I was surprised to see the virtual disk image (VDI) of my Ubuntu 17.10 headless server was at 9 GB instead of 4 GB (as reported by Glances). So I went to investigate with the goal to free up that stray 5 GB.
Ignore the label. It is actually Ubuntu 17.10 server
After a quick reading session, I learned that files never get deleted from drive, they are just marked as “deleted” by the operating system, or in computer lingo it is called unallocated. The truth is, files are still there. To completely wipe them out, it can be done by overwriting them with zero. I went with
zerofree to get this done.
There are two parts for this: first, boot the guest OS into recovery mode (so drive our target drive,
/dev/sda1, is not mounted by the oprating system) with
root shell to perform wiping out operation with
zerofree. The second step is shutting down the VM to perform
modifymedium --compact operation with
Note: I did this operation on my Ubuntu 17.10 headless server with Windows 10 host. On Windows 10 host, I am using ConEmu as my terminal.
zerofree inside guest OS
First, boot into recovery mode. The boot splash screen can go really quick, so pay attention here. What I did was I frantically pressed the
<Esc> key so that I could catch the GRUB bootloader. After that, go into the recovery mode and then drop to the root shell.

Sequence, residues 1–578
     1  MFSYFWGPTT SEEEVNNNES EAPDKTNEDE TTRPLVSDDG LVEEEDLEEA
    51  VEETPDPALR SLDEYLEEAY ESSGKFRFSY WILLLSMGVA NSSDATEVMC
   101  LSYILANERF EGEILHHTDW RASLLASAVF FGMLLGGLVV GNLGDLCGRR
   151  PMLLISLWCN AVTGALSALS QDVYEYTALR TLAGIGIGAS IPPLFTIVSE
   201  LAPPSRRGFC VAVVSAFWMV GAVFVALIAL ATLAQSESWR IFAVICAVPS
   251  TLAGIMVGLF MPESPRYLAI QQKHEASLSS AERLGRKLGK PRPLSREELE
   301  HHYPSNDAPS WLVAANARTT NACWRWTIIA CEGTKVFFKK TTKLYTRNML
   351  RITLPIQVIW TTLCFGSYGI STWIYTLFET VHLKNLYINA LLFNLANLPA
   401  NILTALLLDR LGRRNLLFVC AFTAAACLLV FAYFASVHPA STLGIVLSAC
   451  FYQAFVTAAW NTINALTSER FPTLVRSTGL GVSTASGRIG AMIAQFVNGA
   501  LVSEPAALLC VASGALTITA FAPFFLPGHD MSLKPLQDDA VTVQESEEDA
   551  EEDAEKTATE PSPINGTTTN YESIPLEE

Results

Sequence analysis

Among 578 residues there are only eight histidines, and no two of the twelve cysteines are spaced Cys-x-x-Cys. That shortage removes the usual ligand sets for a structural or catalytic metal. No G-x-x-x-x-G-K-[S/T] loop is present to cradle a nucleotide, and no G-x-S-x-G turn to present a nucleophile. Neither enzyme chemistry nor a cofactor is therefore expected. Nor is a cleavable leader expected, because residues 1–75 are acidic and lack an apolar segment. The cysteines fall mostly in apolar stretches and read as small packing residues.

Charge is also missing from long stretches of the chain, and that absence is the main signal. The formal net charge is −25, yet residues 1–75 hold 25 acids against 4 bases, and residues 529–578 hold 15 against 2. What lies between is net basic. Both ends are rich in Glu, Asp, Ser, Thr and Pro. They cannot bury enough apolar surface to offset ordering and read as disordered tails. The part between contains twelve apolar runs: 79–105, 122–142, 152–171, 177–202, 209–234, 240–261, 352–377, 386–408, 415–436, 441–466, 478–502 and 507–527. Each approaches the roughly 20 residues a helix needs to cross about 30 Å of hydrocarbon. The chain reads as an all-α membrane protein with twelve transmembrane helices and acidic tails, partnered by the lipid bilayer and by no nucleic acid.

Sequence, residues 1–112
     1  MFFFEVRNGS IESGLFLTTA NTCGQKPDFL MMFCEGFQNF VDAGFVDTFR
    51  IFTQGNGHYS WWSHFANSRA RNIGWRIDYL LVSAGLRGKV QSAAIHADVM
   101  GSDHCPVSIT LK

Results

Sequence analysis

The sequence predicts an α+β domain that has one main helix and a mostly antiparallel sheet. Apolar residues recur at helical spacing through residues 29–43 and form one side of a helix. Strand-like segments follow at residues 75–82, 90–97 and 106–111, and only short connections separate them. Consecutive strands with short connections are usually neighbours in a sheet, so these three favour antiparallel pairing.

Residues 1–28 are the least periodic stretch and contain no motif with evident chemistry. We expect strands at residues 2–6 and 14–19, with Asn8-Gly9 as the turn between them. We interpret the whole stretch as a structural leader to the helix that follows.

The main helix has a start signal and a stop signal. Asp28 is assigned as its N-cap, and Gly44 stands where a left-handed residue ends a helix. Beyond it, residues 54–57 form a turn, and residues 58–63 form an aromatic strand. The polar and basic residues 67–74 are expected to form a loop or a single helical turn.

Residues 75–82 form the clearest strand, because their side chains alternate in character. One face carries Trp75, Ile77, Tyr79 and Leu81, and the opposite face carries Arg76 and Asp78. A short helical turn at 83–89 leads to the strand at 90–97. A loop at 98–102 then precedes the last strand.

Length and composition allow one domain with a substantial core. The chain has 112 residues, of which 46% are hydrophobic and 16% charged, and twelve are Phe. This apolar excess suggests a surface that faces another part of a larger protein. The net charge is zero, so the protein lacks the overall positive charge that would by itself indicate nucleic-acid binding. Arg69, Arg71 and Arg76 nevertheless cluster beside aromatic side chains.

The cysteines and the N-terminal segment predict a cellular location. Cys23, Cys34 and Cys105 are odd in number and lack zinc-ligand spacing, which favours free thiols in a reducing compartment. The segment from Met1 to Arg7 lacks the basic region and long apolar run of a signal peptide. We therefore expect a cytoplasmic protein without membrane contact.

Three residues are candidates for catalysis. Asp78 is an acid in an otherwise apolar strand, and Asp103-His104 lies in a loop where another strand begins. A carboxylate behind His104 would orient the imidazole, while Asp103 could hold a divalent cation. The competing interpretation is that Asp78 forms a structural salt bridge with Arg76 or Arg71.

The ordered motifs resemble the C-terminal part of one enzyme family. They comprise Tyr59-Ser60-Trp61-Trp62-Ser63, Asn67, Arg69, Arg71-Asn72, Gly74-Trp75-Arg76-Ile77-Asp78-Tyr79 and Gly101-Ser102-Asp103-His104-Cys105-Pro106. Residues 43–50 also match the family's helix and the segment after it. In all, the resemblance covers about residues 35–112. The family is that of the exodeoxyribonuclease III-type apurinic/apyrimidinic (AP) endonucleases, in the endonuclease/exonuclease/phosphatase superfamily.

The next step is to execute
zerofree against target partition. Since I partitioned my Ubuntu with LVM when I first installed it, there was a slight twist. If I partitioned my drive without LVM, I would be expecting my target drive being
/dev/sda1. Instead, with the command
df, I saw:
… as my partition. No big deal. Let’s run
zerofree against that partition.
zerofree -v /dev/mapper/hendriks--vg-root
… and wait for a little bit.
Once this operation comes to its completion, issue
poweroff command to turn off the VM and proceed to the second part on host machine.
ModifyMedium on Windows 10 host
VBoxManage.exe resides within
C:\Program Files\Oracle\VirtualBox. Change into this directory first with
cd command. After that, run
VBoxManage.exe to start the process.
# Change directory cd "C:/Program Files/Oracle/VirtualBox" # Run ModifyMedium ./VBoxManage.exe modifymedium --compact ~/path/to/vdi.vdi
This would take a few minutes to finish. Once it is done, you might want to compare the size of the VDI before and after the process.
Thanks to an article on How To Geek and a thread on Super User.